In lieu of an abstract, here is a brief excerpt of the content:

Diaspora 7:2 1998 Between Ambivalence and Intrusion: Politics and Identity in Armenia-Diaspora Relations1 Razmik Panossian London School of Economics and Political Science What are we, after all, we and our land? Even if we try to mince the truth We are tourists in our own land. Guests in our own homes. A river with only one bank, A mountain which we only view from afar,2 An unpeopled land, a landless people, and scattered beads which cannot be restrung. —Gevork Emin, "We." The irony ofthis poem is that it was not written in the diaspora, but in the "homeland" of Soviet Armenia, by one of its most prominent poets. And yet, he is still haunted by the uncertainty of being a "tourist" in his "own land" and by the rootlessness of being part of "a landless people." The poet, living in the Soviet Armenian republic, is nevertheless drawn to the lost lands beyond the borders of his country, to the heartland of historic Armenia, presently located in Turkey, which was emptied of its indigenous Armenian population through the 1915 Genocide. Emin captures the ambiguity in the question "where is my homeland?"—a question much more commonly posed by diasporic people. The answer is difficult because of the variations and overlap in the very definitions of "homeland" and of "Armenianness" in both the diaspora and the homeland. For the past eighty years, Armenians have been arguing, sometimes vehemently, over homeland-diaspora relations. Consequently , the essential division within the Armenian nation, and within its major diaspora communities, has been, and still is, over the question of how to relate to (formerly Soviet) Armenia, the surviving "kin-state"3 ofthe much broader and ambiguous notion of the "Armenian homeland." In this article, I analyze the politics of this division, focusing on the ten-year period between February 1988 and February 1998. The first date ushered in the national movement in Armenia—the 150 Diaspora 7:2 1998 beginning of the end of Soviet rule. The second date brought to an end the formative phase of post-Soviet Armenian politics when President Levon Ter-Petrossian—in power since 1991—was forced to resign as a result of a "velvet coup." In addition to the 1988-1998 decade, previous history must also be examined, along with related issues of identity, since Armenian politics cannot be understood without these factors. The modern Armenian diaspora is much more than a mere extension of the homeland; it has become an entity in its own right, with various sources ofidentity. In fact, the diaspora, with its deep historical roots, has been—and still is—one of the pillars of national identity and politics. But before moving on, I must acknowledge one major limitation in my approach. The Armenian diaspora is divided into two broad categories: "internal" and "external." The first is called "internal" because, until 1991, it consisted of communities outside Soviet Armenia but within the same overall state (i.e., the USSR); the second category—the "external"—covers the rest of the globe. It is the "Western" component of the "external" dimension that I examine in this article, while realizing that the roots of the current Western diaspora lie mostly in the Middle East. This emphasis is justified because the main homeland-diaspora political and cultural cleavages—in fact, the core ideas of the diasporan condition—are embodied in the "external" element. After the collapse of the Soviet Union, the "internal" element is emerging as an increasingly important entity in its own right, but it has yet to be systematically researched and analyzed. Theoretical Considerations The "classical" definition of diaspora emphasizes the forced dispersion of a clearly identified group of people from their homeland, with a distinct collective memory and a "myth" ofreturn. The group maintains its collective identity by establishing and controlling boundaries around it, while maintaining communication with other similar communities and with the homeland.4 This restrictive definition is countered on the other extreme by Walker Connor's simple assertion that a diaspora is "that segment of a people living outside the homeland" (16). The first limits the definition to the historic "ideal type" cases of the Jews, the Armenians, the Greeks, and...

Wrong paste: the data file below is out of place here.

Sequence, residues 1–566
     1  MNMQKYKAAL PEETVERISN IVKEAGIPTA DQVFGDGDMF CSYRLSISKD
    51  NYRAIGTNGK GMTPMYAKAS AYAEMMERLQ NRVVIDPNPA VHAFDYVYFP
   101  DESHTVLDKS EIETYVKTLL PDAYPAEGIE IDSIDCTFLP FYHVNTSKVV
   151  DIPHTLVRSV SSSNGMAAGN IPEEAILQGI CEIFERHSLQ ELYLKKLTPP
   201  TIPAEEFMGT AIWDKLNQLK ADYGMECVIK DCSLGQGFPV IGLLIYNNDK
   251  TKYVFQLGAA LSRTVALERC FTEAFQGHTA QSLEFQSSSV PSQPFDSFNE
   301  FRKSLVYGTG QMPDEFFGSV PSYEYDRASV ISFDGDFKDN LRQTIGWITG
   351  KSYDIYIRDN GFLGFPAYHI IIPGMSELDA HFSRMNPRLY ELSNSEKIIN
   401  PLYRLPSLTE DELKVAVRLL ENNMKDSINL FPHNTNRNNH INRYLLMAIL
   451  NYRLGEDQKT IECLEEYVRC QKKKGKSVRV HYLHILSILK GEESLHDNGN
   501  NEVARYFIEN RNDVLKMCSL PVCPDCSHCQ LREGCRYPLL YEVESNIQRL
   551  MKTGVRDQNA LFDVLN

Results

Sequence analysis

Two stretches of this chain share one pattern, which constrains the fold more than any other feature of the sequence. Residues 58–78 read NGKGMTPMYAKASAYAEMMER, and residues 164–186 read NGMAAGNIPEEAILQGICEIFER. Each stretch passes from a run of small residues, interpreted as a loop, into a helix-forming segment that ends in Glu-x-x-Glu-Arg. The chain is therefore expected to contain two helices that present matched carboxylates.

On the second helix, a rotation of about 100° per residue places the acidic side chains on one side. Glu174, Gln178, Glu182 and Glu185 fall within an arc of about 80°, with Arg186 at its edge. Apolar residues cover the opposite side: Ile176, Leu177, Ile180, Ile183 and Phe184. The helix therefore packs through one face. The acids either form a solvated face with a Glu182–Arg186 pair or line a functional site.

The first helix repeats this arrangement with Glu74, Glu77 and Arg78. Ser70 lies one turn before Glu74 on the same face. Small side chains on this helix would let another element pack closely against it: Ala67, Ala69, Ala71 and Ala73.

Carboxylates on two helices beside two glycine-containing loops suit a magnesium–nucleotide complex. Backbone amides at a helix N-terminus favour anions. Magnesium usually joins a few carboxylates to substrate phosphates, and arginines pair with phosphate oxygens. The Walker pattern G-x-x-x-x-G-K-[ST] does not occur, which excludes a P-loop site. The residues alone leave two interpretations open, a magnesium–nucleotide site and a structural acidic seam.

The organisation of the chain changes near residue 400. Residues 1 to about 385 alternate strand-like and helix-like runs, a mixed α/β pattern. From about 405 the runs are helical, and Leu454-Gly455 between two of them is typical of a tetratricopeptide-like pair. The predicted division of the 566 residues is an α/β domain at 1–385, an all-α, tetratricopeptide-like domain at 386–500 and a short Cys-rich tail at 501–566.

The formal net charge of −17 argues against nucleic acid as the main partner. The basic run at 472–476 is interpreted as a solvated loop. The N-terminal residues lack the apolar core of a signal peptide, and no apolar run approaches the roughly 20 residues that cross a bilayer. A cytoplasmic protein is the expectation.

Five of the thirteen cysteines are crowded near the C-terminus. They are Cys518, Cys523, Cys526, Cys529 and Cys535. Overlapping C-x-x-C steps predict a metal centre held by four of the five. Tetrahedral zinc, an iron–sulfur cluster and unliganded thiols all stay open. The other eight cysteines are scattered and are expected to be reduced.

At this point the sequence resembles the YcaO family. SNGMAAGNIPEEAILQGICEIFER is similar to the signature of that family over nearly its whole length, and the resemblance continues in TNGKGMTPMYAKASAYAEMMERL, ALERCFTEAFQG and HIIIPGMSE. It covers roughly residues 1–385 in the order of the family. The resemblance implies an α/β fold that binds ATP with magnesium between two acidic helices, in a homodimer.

Additional Information

Print ISSN
pp. 149-196
Launched on MUSE
Open Access
Back To Top

This website uses cookies to ensure you get the best experience on our website. Without cookies your experience may not be seamless.